3 Mistakes Banks' Executives Should Avoid While Leading Big Data Projects

Big data, data analytics, data science are terms used interchangeably and often. Based on my experience, Bank Executives tend to be trapped by the same kind of dilemma: how to harness data for their organisation. In this article, I outline the 3 most common mistakes that executives make when thinking about data and developing a strategy around it.

Mistake #1: data projects should be let by IT departments. IT departments play an important role in determining how data is used and executing business strategy. However, due to the nature of the function, it can be difficult for IT departments to not only recognise what data is available, but also determine how it can be used to draw deep insights from it. It is not enough to possess data and BI software that can produce exciting dashboards and graphs – the value is viewing the data with an analytical lens to guide strategic action. And this leads to the second mistake.

Mistake #2: ignore the action for P&L. Give purpose to your data, not the other way around. Many clients, especially those in the banking sector, have asked for advice on how to price their data. It’s a reasonable question because data should be valuable. Following this logic, why can’t we consider data as assets that have a monetary value on a balance sheet? The answer is, that when data is just stored, it doesn’t generate profits. Big data is important only when it’s solving business problems. It can be used for identifying new, hidden opportunities to increase revenue, or for finding the right ways to reduce costs. Data-driven decisions leading to positive results is the holy grail of data usage, but how do you get there? The answer is: don’t let your assumptions speak louder than the data. Data is the best advisor to an executive who is trying to understand what their business, clients, and needs. Listen to Simon Sinek and “start with the why.” To determine which “why” to tackle first, listen to your data. It has hidden gems of realisation and surprise, even for the data owners. So, before starting to buy expensive big-data software, seek guidance from a data analysis specialist to identify the “why” you should focus on first to create improvement in your business.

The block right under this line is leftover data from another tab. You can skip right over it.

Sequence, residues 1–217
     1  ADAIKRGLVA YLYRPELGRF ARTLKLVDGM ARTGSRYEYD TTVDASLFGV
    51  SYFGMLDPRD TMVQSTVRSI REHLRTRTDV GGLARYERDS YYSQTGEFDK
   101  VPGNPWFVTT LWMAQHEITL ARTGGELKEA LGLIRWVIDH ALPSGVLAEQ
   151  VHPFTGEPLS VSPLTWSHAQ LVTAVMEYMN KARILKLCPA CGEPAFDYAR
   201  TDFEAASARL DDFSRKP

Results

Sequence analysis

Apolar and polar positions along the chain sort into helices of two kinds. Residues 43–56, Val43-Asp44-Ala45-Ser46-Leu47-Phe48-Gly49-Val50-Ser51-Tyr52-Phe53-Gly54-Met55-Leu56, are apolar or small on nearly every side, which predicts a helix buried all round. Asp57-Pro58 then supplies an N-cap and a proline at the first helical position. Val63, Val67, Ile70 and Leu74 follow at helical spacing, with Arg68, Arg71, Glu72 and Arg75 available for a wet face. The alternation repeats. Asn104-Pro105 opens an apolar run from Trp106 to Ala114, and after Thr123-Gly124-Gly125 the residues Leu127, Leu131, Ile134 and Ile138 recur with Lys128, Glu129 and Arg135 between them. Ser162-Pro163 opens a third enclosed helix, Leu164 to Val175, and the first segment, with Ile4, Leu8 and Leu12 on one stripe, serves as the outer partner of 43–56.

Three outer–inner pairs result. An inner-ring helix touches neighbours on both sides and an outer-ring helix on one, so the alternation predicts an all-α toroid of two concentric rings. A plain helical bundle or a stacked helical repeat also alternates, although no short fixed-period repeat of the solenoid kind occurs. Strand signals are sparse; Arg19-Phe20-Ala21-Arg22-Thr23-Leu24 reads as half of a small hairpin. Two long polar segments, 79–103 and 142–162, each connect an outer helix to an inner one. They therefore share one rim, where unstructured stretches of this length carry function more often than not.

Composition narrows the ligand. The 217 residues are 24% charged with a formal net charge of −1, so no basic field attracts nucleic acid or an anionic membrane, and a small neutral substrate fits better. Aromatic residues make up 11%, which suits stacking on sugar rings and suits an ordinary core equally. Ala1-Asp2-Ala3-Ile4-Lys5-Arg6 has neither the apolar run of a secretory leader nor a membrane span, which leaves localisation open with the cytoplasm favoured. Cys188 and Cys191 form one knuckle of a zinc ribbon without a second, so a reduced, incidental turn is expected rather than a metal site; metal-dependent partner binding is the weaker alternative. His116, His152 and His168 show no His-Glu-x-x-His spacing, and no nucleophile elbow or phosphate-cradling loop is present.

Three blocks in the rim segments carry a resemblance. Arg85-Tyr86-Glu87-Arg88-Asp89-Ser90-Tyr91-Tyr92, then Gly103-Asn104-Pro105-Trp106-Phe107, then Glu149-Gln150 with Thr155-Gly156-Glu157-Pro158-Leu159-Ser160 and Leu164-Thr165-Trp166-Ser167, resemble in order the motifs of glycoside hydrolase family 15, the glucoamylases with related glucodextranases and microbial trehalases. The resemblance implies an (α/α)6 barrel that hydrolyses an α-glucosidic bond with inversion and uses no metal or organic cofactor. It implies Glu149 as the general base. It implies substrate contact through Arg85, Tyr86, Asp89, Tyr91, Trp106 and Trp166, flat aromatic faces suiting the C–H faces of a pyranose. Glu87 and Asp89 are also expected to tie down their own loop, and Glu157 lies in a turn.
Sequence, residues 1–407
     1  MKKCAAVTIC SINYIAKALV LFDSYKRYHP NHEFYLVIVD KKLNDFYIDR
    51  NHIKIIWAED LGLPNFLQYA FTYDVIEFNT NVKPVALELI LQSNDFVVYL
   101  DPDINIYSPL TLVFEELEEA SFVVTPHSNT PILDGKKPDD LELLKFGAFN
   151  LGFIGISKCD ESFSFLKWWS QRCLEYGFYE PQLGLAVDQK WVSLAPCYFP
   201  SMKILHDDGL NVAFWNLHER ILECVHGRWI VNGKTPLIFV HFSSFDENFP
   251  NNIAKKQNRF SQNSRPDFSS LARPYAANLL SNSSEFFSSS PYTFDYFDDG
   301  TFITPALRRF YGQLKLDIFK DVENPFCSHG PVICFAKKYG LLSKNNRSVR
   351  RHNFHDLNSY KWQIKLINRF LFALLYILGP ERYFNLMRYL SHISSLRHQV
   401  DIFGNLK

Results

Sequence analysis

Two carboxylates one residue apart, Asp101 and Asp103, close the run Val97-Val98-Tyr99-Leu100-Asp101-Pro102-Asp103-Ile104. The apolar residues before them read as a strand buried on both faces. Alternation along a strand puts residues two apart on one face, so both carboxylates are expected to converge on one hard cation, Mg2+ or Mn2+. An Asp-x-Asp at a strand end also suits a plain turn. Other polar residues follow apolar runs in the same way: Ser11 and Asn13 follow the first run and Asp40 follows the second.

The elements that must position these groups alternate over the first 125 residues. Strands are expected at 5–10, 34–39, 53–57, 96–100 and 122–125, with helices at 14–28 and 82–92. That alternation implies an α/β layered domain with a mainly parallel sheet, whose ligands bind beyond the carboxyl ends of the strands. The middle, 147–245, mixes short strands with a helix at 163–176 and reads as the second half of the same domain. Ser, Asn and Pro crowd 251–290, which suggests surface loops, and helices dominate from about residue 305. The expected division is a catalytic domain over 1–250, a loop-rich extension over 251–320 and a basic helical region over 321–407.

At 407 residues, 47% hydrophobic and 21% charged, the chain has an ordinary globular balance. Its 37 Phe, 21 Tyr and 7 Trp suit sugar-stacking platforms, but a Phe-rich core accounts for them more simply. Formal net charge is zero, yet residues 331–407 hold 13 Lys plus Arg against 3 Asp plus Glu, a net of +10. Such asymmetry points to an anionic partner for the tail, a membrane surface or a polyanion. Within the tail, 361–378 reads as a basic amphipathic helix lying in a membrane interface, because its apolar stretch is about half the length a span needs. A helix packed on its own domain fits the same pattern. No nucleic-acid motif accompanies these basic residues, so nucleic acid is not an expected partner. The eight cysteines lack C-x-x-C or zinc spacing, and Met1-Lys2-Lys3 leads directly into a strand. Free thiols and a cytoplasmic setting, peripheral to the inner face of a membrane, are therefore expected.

Mistake #3: focusing on big projects instead of effective small (and cheap) initiatives. Now that you’ve listened to your data and know where to start – think small. It’s common that companies want to make a drastic leap into the digital transformation world. However, the bigger the project, the harder it is to approve, implement, and demonstrate positive results. Start small, act quickly, and solve one problem at a time. It may seem like a counterproductive advice, but if you avoid mistakes 1 and 2, you will create a huge financial impact with minimum resources. Create a list of activities and focus on P&L to estimate the financial impact versus the cost of achieving it. Focus on the cheapest opportunities first, irrespective of how big the result is. It is common that companies prioritise the high reward projects, disregarding the costs and investment needed. It can be shocking how much money it is possible to make or save, with just a few small projects before going into the heavy “dream” projects.

Pablo Morales. CEO, London Analytics

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